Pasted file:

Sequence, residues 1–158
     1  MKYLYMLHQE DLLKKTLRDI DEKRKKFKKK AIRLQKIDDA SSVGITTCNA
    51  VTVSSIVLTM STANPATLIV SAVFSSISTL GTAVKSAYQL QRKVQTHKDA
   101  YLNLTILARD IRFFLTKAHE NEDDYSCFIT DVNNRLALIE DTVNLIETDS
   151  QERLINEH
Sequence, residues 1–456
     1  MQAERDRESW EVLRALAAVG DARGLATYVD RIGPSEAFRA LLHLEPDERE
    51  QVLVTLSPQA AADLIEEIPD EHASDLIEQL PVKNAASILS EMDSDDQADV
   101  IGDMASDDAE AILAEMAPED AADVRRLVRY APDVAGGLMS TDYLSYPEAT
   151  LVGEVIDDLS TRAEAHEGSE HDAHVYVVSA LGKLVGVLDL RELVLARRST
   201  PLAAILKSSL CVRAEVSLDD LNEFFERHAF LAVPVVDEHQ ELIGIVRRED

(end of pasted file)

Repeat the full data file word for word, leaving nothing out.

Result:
Sequence, residues 1–158
     1  MKYLYMLHQE DLLKKTLRDI DEKRKKFKKK AIRLQKIDDA SSVGITTCNA
    51  VTVSSIVLTM STANPATLIV SAVFSSISTL GTAVKSAYQL QRKVQTHKDA
   101  YLNLTILARD IRFFLTKAHE NEDDYSCFIT DVNNRLALIE DTVNLIETDS
   151  QERLINEH
Sequence, residues 1–456
     1  MQAERDRESW EVLRALAAVG DARGLATYVD RIGPSEAFRA LLHLEPDERE
    51  QVLVTLSPQA AADLIEEIPD EHASDLIEQL PVKNAASILS EMDSDDQADV
   101  IGDMASDDAE AILAEMAPED AADVRRLVRY APDVAGGLMS TDYLSYPEAT
   151  LVGEVIDDLS TRAEAHEGSE HDAHVYVVSA LGKLVGVLDL RELVLARRST
   201  PLAAILKSSL CVRAEVSLDD LNEFFERHAF LAVPVVDEHQ ELIGIVRRED